Concert Review: Millsap shows complete package – Parker Millsap could not be accused of rushing when it came to dropping his meaty, new "The Very Last Day," his third release. The Okie finished recording one year ago, but the disc only saw the light of day in late March. Not only was the wait worth it when it came to the product, but also fleshing it out live. Millsap delivered the... »»»
Concert Review: Underwood leaves shallow shine at Stagecoach – Saturday night of Stagecoach 2016 had arguably the best lineup of all three days, with three stages chock full of many 'can't miss' performers and a headliner in country queen, Carrie Underwood. And as always, some of the day's best musical moments occurred just out of the reach of the folding-chair-and-beer-koozie crowd.... »»»
Subscribe to Country News Digest Country News Digest      Follow Country Standard Time on twitter CST      Visit Country Standard Time on Facebook CST

Elsewhere in the news

Currently at the CST blogs

Reams leaps into "Rhyme & Season" James Reams is one of bluegrass music's unconventional stalwarts. A son of Kentucky, Reams' journey has taken any number of unusual pathways since the mid-seventies. Producing albums for more than 20 years, Reams' ninth release of personable bluegrass, "Rhyme and Season," is a relaunch for Reams, an artist who has never followed a singular route. ... »»»
Solivan  turns to family, friends, heroes After scoring a 2015 IBMA nomination for Best Bluegrass Album for "Cold Spell," Frank Solivan tried something a little different this time around - an album of songs recorded by "Family, Friends and Heroes" (Compass). In an earlier musical life, Solivan served as stalwart in Country Current, the Navy's touring bluegrass band. Solivan left the service and formed Dirty Kitchen, a hat-tip to his background and continuing efforts as a chef.... »»»
Sellers garages her country Aubrie Sellers just may be onto something on her debut - garage country. After all, we've already witnessed traditional country, new country, neo-traditional, country rock, pop country and bro country. Sellers, a 25-year-old Nashvillian with a big time musical pedigree who released her debut, "New City Blues," in January, said the moniker came to mind as her bio was being written.... »»»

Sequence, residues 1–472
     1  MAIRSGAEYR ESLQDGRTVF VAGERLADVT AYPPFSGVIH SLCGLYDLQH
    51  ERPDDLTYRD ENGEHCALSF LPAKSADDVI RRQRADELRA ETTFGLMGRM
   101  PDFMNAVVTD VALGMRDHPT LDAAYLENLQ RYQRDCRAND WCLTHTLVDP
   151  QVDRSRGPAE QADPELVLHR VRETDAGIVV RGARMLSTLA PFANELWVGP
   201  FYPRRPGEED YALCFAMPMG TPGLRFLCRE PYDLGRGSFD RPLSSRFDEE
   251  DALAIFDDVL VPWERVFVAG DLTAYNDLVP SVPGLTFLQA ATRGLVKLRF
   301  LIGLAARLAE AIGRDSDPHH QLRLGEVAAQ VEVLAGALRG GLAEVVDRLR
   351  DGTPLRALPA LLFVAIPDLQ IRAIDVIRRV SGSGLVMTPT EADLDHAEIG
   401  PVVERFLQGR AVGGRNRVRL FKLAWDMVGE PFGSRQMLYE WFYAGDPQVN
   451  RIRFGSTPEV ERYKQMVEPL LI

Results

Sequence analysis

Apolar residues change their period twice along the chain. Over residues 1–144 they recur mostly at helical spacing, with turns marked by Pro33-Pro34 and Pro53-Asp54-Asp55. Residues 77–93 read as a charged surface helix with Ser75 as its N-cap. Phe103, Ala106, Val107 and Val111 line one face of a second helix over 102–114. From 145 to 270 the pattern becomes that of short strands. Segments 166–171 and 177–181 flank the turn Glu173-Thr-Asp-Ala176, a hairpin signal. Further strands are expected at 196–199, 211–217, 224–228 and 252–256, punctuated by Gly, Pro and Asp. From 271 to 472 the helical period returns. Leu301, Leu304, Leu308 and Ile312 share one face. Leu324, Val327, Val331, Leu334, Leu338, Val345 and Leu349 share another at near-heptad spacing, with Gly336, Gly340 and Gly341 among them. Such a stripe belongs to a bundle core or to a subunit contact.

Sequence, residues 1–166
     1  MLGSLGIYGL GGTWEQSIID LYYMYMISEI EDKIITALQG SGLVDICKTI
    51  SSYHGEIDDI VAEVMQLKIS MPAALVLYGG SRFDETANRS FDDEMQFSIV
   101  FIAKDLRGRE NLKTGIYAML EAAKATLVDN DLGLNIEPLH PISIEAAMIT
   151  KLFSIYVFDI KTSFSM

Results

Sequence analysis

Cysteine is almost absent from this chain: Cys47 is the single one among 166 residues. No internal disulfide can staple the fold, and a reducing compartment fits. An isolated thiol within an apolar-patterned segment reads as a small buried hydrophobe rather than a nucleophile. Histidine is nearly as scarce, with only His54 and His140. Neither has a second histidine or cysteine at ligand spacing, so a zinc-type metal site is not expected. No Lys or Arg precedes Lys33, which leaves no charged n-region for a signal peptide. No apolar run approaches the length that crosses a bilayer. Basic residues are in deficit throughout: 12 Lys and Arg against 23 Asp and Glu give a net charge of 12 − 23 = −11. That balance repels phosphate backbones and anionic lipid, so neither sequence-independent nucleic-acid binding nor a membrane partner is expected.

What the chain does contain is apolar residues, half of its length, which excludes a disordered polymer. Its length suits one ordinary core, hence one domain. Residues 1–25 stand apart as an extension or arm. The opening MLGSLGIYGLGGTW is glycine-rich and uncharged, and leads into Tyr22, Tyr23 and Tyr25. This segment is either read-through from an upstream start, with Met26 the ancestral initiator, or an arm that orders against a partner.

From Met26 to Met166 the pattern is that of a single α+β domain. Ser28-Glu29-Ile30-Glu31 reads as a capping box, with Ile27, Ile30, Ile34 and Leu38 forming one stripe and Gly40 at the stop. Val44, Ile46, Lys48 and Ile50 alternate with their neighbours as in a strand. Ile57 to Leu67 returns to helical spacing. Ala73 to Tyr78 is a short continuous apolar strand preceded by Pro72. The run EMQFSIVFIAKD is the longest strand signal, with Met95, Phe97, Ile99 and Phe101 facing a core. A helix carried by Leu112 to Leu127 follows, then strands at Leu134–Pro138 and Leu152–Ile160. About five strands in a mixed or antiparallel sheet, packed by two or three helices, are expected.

Reckless CD review - Reckless
Stephen King tells us "Talent is cheaper than table salt." And what a shaker-full is contained on Martina McBride's latest. Songwriters? Hillary Lindsey, Sarah Buxton and Liz Rose are amongst the world's finest. For a producer, how about Faith Hill's or Taylor Swift's? And lest we forget - McBride herself possesses the best, hemi-powered soprano of any working singer today. This is gaudy, Dream Team level stuff. So, why isn't it better? »»»
Del and Woody CD review - Del and Woody
For two years we've been hearing of this recording, a project where original lyrics from Woody Guthrie were to be reinvented as bluegrass songs by the legendary Del McCoury. Like previous sets from Billy Bragg & Wilco (3 volumes of "Mermaid Avenue" released between 1998-2012), Jay Farrar, et al ("New Multitudes," 2012) and The Klezmatics (a pair of 2006 releases), lyrics stored within the Woody Guthrie Archives were turned over to McCoury to be repurposed. »»»
Empty Glasses CD review - Empty Glasses
Coming on the heels of her last album, the tellingly titled "Quicksand," Reagan Boggs' latest continues to affirm her reputation as a master of emotion, a performer whose sound and delivery leave no sentiment unturned. Consequently, "Empty Glasses" becomes an equally expressive handle, given that much of the album bears a deliberately downcast disposition. That can also be discerned by reading the names of certain songs -- "Honey I'm Lost"...  »»»